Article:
Transcultural awareness is an important topic that is best planned for in advance rather than learning from your mistakes.
How many times have you asked a patient how he or she plans to adjust medications for Ramadan? How many times has a patient asked for assistance in planning for Ramadan? Have you ever told a patient that he or she should not fast for Ramadan due to medical conditions? And did that patient agree to do so, or did he or she proceed with the daily fasting in spite of your advice?
The article in the May/June 2018 issue of Practical Diabetology by Drs. Verma and Hassanein describes the Diabetes and Ramadan Guidelines from the IDF-DAR Alliance that were published in April 2016.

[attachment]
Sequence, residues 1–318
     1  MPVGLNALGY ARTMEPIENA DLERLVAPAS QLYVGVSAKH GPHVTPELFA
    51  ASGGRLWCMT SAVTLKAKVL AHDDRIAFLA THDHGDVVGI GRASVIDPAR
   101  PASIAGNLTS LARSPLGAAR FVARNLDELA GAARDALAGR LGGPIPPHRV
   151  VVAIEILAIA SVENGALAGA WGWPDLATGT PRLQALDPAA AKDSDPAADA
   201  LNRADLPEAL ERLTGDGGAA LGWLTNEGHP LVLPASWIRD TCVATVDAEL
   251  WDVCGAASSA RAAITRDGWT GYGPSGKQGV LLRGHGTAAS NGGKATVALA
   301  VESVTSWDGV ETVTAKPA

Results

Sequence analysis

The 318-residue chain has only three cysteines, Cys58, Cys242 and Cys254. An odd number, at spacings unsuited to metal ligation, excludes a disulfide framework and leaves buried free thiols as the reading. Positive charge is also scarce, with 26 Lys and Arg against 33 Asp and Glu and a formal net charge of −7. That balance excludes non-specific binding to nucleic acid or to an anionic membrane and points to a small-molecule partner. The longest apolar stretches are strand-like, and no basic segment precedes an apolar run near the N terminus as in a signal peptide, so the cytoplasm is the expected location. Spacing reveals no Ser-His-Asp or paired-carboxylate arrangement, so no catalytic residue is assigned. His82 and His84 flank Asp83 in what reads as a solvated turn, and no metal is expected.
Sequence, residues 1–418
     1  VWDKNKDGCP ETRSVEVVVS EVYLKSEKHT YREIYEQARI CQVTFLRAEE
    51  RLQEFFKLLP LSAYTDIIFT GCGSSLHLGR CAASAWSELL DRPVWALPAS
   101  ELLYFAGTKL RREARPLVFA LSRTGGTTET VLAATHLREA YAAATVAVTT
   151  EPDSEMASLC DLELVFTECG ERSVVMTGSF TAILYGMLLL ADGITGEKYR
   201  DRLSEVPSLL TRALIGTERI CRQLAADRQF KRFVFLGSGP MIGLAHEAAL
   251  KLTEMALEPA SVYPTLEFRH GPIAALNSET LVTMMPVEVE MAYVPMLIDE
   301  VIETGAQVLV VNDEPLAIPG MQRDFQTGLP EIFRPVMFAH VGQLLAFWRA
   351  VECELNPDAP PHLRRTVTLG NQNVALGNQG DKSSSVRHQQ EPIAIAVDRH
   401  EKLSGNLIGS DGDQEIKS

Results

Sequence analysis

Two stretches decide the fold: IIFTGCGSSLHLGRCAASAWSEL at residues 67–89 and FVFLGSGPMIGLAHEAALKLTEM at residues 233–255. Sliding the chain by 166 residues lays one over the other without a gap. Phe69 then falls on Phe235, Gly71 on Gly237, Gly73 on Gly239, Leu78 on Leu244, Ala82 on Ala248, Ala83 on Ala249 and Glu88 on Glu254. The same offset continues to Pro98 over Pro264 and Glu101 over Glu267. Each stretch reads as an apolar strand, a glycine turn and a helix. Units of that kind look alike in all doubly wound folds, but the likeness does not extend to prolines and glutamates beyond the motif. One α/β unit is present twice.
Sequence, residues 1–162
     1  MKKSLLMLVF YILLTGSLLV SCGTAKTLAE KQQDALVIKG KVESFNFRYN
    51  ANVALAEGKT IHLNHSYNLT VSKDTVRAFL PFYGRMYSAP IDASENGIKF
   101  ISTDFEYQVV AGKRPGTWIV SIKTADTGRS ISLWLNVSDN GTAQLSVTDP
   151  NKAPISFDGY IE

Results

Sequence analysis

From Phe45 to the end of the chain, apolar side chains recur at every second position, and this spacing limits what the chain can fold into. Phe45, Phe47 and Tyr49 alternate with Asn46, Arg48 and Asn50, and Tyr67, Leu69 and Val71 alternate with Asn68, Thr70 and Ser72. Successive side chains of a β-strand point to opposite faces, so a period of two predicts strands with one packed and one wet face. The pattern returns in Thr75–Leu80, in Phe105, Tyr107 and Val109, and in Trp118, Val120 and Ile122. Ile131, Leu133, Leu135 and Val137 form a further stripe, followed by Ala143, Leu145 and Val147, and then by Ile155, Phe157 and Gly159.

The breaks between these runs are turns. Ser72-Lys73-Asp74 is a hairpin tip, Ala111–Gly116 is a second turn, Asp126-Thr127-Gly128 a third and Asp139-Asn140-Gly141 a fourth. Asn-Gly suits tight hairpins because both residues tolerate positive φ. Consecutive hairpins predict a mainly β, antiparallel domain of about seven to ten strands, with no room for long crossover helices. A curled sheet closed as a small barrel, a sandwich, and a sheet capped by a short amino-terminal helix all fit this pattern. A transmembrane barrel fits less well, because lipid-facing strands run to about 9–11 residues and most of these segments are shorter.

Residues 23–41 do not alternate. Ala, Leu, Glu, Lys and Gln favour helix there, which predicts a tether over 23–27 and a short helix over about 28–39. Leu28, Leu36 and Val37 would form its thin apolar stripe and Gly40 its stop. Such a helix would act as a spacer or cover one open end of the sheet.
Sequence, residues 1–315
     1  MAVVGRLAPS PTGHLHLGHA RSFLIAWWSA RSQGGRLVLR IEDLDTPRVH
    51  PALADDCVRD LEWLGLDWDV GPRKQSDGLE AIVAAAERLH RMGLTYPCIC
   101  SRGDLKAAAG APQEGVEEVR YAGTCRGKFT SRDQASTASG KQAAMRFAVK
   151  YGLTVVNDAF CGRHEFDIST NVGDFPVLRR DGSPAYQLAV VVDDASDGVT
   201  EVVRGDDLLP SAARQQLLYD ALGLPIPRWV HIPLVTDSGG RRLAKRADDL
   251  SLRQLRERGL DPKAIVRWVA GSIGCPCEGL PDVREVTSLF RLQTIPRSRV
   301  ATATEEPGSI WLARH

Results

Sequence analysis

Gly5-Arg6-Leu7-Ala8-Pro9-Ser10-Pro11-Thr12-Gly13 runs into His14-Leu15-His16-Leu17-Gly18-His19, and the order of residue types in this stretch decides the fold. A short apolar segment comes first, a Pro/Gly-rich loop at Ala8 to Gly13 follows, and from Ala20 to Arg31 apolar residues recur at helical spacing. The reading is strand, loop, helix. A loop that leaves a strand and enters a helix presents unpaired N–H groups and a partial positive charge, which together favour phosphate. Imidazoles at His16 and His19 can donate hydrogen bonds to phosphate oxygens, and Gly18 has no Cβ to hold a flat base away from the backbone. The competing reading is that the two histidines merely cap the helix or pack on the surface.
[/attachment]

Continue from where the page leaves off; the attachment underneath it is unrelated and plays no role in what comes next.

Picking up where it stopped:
The Diabetes and Ramadan Alliance
The Diabetes and Ramadan (DAR) Alliance was formed in January 2013 following an International Diabetes Federation-Middle East and North Africa Region (IDF-MENA region) meeting. The primary goal of the DAR Alliance is to provide a better understanding of the best strategies to manage diabetes during the month of Ramadan and provide a central location for people with an interest in diabetes and Ramadan to concentrate their efforts, including health-care professionals, patient associations, Muslim societies, and public and private stakeholders.
The IDF-DAR Guidelines are very practical and address the following issues:
- epidemiology of diabetes and Ramadan fasting;
- physiology of Ramadan fasting;
- risk stratification of individuals with diabetes before Ramadan;
- diabetes and Ramadan: a medico-religious perspective;